Document Type


Publication Date

Spring 2020


The world of counterfeit goods is diverse and has grown rapidly throughout the years. The boom of e-commerce has resulted in a devastating increase in the shipment of small packages into the United States, making it easier for every day consumers to be fooled by counterfeiting masterminds. Counterfeit goods are not limited to fake watches and designer purses offered on the streets of Los Angeles or New York City anymore, instead the market has expanded to include many goods like consumer electronics, footwear, apparel, cosmetics, and even medicines and personal care items. Advances in technology at border control points, advertising campaigns that promote the negative effects of counterfeiting to educate consumers, and industry leaders having more control over their suppliers are some of the many effective strategies in the fight against counterfeiting, but what about the effects of international trade and the role of tariffs. This paper examines the relationship between import tariffs and the flow of industrial (nonagricultural) counterfeit goods into the United States.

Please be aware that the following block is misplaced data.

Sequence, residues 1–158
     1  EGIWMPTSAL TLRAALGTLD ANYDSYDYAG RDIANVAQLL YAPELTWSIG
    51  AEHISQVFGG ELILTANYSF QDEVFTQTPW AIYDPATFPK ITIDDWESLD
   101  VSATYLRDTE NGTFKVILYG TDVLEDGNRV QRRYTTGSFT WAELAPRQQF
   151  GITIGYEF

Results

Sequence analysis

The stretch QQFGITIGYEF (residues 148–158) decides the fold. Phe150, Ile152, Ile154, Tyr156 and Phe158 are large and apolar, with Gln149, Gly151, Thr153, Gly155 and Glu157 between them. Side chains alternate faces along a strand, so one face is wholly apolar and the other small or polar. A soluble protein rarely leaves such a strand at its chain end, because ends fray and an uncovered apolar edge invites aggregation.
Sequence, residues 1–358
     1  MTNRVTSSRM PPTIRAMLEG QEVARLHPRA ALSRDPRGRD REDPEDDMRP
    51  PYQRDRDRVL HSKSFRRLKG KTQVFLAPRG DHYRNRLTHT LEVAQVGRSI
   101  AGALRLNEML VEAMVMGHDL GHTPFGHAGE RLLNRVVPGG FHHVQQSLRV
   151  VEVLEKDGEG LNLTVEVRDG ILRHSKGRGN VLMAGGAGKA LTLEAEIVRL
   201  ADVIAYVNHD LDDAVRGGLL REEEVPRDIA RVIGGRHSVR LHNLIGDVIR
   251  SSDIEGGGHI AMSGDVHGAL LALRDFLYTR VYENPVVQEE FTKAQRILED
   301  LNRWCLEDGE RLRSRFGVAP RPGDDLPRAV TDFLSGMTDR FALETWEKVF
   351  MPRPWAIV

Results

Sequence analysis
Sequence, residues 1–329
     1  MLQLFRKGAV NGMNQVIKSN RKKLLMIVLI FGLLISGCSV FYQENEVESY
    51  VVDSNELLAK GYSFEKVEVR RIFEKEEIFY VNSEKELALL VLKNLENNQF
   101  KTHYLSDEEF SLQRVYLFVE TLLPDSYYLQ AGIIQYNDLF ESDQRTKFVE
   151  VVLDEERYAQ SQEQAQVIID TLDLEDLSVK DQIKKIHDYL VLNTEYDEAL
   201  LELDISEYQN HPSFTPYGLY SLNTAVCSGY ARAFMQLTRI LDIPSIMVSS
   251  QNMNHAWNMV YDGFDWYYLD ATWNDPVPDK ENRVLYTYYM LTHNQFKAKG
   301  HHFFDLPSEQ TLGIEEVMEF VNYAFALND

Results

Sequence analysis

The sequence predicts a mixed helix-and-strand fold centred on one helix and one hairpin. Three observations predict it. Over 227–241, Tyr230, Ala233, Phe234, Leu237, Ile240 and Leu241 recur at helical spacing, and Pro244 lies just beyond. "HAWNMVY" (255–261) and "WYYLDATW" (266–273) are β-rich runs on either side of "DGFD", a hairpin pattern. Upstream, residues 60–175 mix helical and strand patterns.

Is Part Of

Student Papers in Local and Global Regional Economies